BlockFi, the cryptocurrency lender that targeted ordinary investors excited about part of the cryptocurrency mania, filed for bankruptcy on Monday, over its financial ties to FTXthe embattled exchange whose recent collapse has shaken the crypto industry to its core.
Headquartered in Jersey City, NJ, BlockFi has marketed itself primarily to small investors, offering them crypto-backed loans in minutes without a credit check, as well as accounts that paid high interest on crypto deposits. As of last year, the lender claimed to have more than 450,000 retail customers.
On Monday, BlockFi, which was founded in 2017, filed for Chapter 11 protection in New Jersey. Its implosion is the latest example of an industry built on shaky foundations, with companies so intertwined that one wiggle can unleash financial chaos.
BlockFi is not the first crypto lender to file for bankruptcy. In July, two of its competitors, Celsius Network and Voyager Digital, collapsed within a week of each other. They have been struggling to correct themselves after the spring market panic, when several prominent cryptocurrencies plunged in value. Bitcoin alone is down 20 percent in a week.
BlockFi has been reeling ever since. To stabilize it, the lender struck a deal with FTX in June, which was seen as a safety net at the time given the exchange’s credibility and dominance in the cryptocurrency industry. FTX agreed provide The company has a credit line of $400 million – a loan that BlockFi can draw upon as needed.
In the aftermath of the fall of FTX
The sudden crash of the cryptocurrency exchange left the industry stunned.
- Amazing rise and fall: Who is Sam Bankman-Fried and how did he become the face of cryptocurrency? The Daily Striped Incredible rise and fall The man behind FTX.
- symbiotic relationship: Mr. Bankman-Freds built FTX in part to help out the business of Alameda Research, his first company. The relations between the two entities Now under scrutiny.
- lost assets: FTX’s lawyers said a significant amount of the company’s assets contained either stolen or lostcasting doubt on the prospects of recovering the billions of dollars in cryptocurrency lost by customers.
- Attempt to influence: In just three years, Bankman-Fred has built a massive operation to get politicians, regulators, and nonprofits to support his crypto goals. Here’s how.
Announcing the funding, BlockFi CEO Zac Prince said, He said It will provide “access to capital that further strengthens our balance sheet.” The deal also gave FTX the option to buy BlockFi.
BlockFi later borrowed $275 million from a subsidiary of FTX, according to its bankruptcy filings. This financial tangle meant that when FTX was dropped and was forced to file for bankruptcy amid revelations Corporate slip-ups and suspicious managementBlockFi is also starting to struggle.
A few days after the stock market crash, BlockFi Tell Customers who were unable to withdraw their deposits because they had “significant exposure” to FTX, including the additional funds the company was hoping to make use of under the agreement and other assets held on the FTX platform.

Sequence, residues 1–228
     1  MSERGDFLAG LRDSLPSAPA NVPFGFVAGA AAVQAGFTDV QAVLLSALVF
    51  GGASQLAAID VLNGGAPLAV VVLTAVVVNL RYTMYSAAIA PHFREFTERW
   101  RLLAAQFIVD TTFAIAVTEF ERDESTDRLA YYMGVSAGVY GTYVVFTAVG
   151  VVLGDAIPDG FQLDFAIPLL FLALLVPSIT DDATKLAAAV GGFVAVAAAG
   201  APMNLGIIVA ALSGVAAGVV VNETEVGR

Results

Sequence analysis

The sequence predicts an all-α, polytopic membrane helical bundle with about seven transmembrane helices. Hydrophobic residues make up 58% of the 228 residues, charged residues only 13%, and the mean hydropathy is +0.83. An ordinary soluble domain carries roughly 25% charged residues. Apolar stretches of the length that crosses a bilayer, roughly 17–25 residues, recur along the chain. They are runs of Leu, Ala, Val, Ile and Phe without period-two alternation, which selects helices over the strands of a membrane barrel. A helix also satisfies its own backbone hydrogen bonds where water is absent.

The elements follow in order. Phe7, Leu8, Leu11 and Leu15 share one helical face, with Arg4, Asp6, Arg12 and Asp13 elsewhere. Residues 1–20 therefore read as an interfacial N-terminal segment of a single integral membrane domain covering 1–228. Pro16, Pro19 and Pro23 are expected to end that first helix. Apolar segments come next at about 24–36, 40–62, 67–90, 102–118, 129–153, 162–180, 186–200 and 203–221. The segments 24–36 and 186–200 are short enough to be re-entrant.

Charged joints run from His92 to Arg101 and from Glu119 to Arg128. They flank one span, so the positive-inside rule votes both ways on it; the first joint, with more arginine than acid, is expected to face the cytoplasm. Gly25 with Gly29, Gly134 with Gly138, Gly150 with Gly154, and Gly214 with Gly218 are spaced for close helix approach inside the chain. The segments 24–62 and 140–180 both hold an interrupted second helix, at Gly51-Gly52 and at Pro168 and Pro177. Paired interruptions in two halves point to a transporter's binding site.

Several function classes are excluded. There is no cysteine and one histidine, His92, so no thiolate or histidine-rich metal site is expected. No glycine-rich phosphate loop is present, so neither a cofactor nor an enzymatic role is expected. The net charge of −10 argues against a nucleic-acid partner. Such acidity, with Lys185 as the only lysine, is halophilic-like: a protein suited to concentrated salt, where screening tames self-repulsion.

In its filing on Monday, BlockFi said it had about $257 million in cash on hand to help support its business through bankruptcy. The company said in court filings that it has more than 100,000 creditors, in addition to $10 billion in assets and liabilities. It also said it would significantly reduce expenses, including labor costs. It employed 850 people as of last year.
BlockFi also said that it will focus on recovering all liabilities owed to the company, including FTX liabilities. However, it warned of delays in recovering assets from FTX due to the exchange’s bankruptcy.
John J. Ray III, FTX’s new CEO, who previously led Enron during its bankruptcy, called FTX’s corporate imbalance “unprecedented.” Legal experts say it could take years to dispose of and recover the assets.
Regulators have already been scrutinizing BlockFi. In February, the Securities and Exchange Commission reached out to A $100 million settlement With the company’s lending arm to provide loans without registering them as securities, and not registering themselves as an investment company. The SEC also found that BlockFi made false and misleading statements about the level of risk in its loan portfolio and lending activity.
BlockFi still owes the SEC $30 million, according to its bankruptcy filing, making the country’s largest security owed its fourth-largest creditor. It owes $275 million to West Realm Shares, the parent company of the US stock exchange FTX and BlockFi’s second largest creditor. The company’s largest creditor, at about $729 million, is Ankura Trust, which specializes in managing loans for troubled companies.
“Since its inception, BlockFi has positively shaped the cryptocurrency industry and developed the sector,” said Marc Renzi of Berkeley Research Group, the firm’s financial advisor. “BlockFi looks forward to a transparent process that brings the best results to all customers and other stakeholders.”
Other bankruptcy advisors at BlockFi include law firm Haynes and Boone, investment bank Moelis & Company and strategic advisor C Street Advisory Group.
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